What is happening to the climate: Vostok Ice Core Data

Many researchers in 1999 published a paper examining ice core data from the Vostok lake, which allows us to see 400,000 years into the past (see the previous post about how ice core stratigraphy works).

Here is one graph from their paper (http://www.nature.com/nature/journal/v399/n6735/full/399429a0.html) representing their results:

The graph is a little tough to read, but if you can see on the sides there are 5 lines, representing CO2, temperature, CH4 (methane), oxygen-18 isotope (for explanation see the previous post about ice core stratigraphy) and insolation, respectively.

One of the important parts of this graph is how the greenhouse gases and temperature are related; the graphs seem to be very, very similar, further suggesting a relationship between them.

A very noticeable part of this graph, though, is its cyclical nature.  Temperature and greenhouse gas concentrations fluctuate on a cycle, which could fuel the argument from climate change skeptics that climate change is just a natural cycle.

But what cause these cycles?  Well, for the most part they are caused by different tilting and spinning of the earth.  First, the actual tilt of the Earth’s axis changes in a cyclic nature and this influences the temperature of the Earth.  Second, the radius of the orbit around the Sun also changes, affecting temperature.  Third, precession, which is the “wobbling” of the Earth around its axis, also affects temperature.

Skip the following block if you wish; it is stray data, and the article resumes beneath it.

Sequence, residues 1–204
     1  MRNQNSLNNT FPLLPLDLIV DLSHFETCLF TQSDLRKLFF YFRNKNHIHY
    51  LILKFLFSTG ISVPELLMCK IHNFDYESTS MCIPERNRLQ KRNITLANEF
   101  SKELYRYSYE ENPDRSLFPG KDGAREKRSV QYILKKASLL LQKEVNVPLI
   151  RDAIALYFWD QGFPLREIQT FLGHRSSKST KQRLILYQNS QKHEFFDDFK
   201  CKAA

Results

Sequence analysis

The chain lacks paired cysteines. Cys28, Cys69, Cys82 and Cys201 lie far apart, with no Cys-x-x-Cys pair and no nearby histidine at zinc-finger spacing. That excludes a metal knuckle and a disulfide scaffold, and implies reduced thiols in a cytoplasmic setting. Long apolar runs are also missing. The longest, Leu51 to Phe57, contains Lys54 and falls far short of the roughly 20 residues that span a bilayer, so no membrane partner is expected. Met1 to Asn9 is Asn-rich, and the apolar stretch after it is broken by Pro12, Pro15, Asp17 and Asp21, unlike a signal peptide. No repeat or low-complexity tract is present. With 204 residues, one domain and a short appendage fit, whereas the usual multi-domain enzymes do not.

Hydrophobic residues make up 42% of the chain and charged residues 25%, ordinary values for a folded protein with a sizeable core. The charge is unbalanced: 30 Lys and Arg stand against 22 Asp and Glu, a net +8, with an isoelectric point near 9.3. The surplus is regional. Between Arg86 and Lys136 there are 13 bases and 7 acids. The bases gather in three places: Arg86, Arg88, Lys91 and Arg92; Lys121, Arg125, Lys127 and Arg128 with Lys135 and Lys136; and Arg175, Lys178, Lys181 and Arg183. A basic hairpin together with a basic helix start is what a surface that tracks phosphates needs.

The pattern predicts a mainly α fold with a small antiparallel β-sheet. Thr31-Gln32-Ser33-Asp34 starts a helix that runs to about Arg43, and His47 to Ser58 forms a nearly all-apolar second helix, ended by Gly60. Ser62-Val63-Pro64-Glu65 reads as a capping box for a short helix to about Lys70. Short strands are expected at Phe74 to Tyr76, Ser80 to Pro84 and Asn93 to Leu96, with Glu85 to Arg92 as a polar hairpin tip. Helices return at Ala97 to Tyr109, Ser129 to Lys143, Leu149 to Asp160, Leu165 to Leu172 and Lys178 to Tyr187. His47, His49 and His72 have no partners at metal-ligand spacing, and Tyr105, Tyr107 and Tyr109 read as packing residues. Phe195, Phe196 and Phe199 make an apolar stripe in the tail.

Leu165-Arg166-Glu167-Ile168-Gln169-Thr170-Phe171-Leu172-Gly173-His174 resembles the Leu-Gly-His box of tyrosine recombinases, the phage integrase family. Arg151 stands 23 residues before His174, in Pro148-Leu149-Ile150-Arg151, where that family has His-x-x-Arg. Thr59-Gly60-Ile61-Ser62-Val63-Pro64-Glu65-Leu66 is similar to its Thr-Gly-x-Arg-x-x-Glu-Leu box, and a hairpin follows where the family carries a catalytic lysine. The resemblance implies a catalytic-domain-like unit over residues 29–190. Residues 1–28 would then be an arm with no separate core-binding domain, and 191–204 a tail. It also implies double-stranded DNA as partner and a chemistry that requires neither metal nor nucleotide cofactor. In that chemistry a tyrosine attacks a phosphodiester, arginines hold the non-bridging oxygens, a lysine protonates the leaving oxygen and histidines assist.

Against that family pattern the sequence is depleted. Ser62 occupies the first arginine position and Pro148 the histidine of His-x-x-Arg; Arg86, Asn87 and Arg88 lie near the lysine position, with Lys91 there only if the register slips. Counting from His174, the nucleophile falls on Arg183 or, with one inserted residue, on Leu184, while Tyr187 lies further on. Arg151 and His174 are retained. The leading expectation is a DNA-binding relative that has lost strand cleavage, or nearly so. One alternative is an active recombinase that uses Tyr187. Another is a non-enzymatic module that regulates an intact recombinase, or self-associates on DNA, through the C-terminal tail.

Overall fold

Antarctic Glaciers (via Wikimedia Commons) have an extension of this graph showing new data, and it is clear that the current levels of carbon dioxide far exceed that of the natural cycles in the past.


This cycle is known as the Milankovitch cycle, and it lasts about 100,000 years.  However, we should be currently in the cooling part of the cycle, but the levels of carbon dioxide put in by humans have caused us to deviate from this cycle.

Global Mean Temperature 150,000 years

This graph is from the NOAA and shows where we should be in the cycle and how different the last cycle was from our current position.  (For more graphs and visuals, see http://ossfoundation.us/projects/environment/global-warming/natural-cycle).

So far, current data suggests that climate change is anthropogenic and is a problem that we are currently facing.

Look out for more posts about the evidence for anthropogenic global warming!
Works Cited

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